There is no formula for determining whether a scar will be severe or mild, or how well a scar will respond to treatment. Many factors affect the way a scar develops, including the type of wound, its direction, the supply of blood to the area, the thickness and color of your skin, and the particulars of how the wound heals.
How Soon Should You Get Scar Revision Following Getting a Scar?
Scar revision looks different for every patient. The process must begin with a consultation in which the surgeon can carefully evaluate the scar, including its location and type. After this examination, doctor and patient can develop a plan that involves the most suitable method of treatment at the right time. It may feel frustrating to hear that a doctor advises waiting to treat a scar, especially if it is causing some degree of disfigurement. When a surgeon recommends postponing scar revision surgery, they explain exactly why, and it nearly always has to do with healing. Either they need to see how much the scar will heal on its own or they need to postpone treatment in order to prevent a more significant issue with scarring. When scar revision is performed too soon, there is a risk for poor results or hypertrophy, both of which contradict the reason to seek scar treatment in the first place.
Is Scar Revision Painful?
No. Scar revision procedures are performed with an appropriate anesthetic. Often, this involves a topical numbing cream and/or injections of a local anesthetic that completely numbs the upper layers of tissue in which the doctor will perform surgical repair. Depending on the type of scar revision the patient may receive prescription pain medication to take after their procedure. This may be especially relevant to instances of skin grafting and flap surgery. For more conservative procedures, the doctor will provide post-treatment care instructions that minimize the risk of infection and poor healing and maximize comfort.
How Can I Prepare for Scar Revision?
Pre-treatment recommendations will depend on the procedure that is scheduled. Instructions are provided well in advance of more complex scar revision procedures so the patient has ample time to prepare. Some of the guidelines that may be included in pre-treatment instructions include:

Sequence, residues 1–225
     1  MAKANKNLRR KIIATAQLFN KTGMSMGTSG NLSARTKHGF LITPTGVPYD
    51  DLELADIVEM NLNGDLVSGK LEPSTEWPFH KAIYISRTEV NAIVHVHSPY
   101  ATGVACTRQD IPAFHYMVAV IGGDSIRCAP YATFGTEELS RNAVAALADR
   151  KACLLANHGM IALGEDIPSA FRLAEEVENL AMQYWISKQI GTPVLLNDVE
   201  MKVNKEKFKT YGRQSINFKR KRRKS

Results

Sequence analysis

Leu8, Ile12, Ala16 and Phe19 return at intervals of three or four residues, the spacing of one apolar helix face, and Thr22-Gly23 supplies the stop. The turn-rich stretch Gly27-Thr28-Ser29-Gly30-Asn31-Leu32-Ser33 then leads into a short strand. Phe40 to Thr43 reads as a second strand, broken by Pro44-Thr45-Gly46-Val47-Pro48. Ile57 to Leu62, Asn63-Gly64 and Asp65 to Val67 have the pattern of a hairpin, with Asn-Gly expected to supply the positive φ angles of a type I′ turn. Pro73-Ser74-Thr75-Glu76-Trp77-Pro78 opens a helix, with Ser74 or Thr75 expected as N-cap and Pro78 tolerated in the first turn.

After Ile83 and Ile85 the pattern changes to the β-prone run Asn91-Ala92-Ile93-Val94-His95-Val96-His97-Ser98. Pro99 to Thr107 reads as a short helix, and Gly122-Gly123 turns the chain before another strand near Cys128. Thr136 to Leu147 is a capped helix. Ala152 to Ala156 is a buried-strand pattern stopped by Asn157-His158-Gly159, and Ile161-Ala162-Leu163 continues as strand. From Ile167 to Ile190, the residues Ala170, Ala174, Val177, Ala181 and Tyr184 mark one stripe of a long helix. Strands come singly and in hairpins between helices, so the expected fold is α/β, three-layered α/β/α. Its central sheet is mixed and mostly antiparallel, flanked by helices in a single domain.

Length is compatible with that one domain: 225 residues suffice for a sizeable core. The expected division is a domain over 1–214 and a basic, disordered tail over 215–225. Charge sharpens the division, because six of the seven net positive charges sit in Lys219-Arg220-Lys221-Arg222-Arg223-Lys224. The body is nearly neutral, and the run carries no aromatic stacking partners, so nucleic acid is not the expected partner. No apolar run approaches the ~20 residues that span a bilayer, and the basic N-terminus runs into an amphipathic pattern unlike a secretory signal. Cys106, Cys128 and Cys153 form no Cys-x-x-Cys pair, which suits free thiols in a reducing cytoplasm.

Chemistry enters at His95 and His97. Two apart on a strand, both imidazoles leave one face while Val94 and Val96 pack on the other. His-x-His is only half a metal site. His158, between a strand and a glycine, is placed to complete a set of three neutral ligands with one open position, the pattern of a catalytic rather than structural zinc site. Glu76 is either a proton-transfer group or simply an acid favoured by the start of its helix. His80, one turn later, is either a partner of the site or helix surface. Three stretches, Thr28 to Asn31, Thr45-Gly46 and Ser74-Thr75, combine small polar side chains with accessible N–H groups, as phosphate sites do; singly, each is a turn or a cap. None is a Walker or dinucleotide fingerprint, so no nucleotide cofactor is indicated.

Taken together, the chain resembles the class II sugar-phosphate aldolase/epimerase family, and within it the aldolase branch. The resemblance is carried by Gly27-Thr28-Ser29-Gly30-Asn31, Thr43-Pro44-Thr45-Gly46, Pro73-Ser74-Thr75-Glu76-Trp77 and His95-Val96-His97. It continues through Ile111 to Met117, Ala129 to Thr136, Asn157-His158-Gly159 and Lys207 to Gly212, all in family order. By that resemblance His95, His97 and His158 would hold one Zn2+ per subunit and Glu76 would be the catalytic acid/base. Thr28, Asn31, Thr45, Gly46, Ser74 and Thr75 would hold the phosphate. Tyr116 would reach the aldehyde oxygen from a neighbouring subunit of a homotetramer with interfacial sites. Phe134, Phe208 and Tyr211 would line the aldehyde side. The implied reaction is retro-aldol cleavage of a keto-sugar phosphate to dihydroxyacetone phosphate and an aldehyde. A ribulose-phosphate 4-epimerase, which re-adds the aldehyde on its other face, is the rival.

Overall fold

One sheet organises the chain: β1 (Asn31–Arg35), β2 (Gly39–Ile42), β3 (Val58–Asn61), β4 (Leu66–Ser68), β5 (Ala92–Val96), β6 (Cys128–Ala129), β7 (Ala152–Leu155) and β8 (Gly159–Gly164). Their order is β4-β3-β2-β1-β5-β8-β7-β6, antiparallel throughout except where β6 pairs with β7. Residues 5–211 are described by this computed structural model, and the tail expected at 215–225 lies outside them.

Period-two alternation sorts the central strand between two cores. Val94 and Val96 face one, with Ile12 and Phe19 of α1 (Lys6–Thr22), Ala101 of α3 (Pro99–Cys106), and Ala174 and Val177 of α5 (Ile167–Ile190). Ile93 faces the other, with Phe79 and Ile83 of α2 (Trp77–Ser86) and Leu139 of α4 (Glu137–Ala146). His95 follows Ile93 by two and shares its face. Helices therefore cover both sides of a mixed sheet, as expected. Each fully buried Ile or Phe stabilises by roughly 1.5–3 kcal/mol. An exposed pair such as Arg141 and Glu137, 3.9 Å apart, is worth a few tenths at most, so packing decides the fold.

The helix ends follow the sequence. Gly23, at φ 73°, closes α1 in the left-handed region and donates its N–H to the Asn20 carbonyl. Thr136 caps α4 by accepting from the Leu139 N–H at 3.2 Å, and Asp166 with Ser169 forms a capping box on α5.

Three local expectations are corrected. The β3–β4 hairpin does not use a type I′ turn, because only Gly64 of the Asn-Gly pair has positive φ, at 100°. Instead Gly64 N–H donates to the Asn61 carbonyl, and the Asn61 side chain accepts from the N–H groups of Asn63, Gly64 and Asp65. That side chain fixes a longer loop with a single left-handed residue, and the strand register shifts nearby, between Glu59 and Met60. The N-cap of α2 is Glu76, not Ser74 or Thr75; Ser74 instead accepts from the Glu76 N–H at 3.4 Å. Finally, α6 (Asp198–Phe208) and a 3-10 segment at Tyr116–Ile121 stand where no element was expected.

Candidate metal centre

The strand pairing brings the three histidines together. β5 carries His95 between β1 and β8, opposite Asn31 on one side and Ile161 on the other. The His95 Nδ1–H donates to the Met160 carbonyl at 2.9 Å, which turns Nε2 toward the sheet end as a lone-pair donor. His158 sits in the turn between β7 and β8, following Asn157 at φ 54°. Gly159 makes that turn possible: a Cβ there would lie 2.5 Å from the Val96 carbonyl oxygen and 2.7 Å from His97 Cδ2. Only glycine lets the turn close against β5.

- Lifestyle modifications. Patients who smoke are advised to quit at least four weeks before surgery. This is an important instruction to follow because smoking causes the blood vessels to narrow, which deprives tissue of oxygenation. If a patient does not stop smoking far enough in advance, their scar revision is not likely to heal as well as it could.
- Check medications. When consulting with a doctor about scar revision, it is imperative to discuss all medications and supplements that are taken, including topical solutions like Retin-A or acne medication. Some may need to be stopped temporarily to maximize wound healing and reduce the risk of bleeding.
- Patients are advised to dress comfortably for their scar revision appointment. Procedures that are performed in the hospital may involve an overnight stay. Patients should leave jewelry at home.
- Diet modifications. Depending on the type of anesthesia that is planned, patients may be advised to fast for six or more hours before their procedure.
- If sedation or general anesthesia is planned, the patient will need to arrange a ride home. Even when local anesthesia is planned, patients may feel more comfortable having a loved one drive them home.
How Long Does it Take to Heal from Scar Revision Surgery?
There are three phases of healing after scar revision surgery.
The inflammatory phase occurs during the first one to two weeks after the procedure. During this initial phase, side effects like wound discoloration, localized swelling, and discomfort are common. It is important to carefully follow the aftercare instructions during this time to prevent infection and poor wound healing. The surgical wound must be kept clean and must be dressed with sterile, breathable bandages so moisture does not build up against the new scar.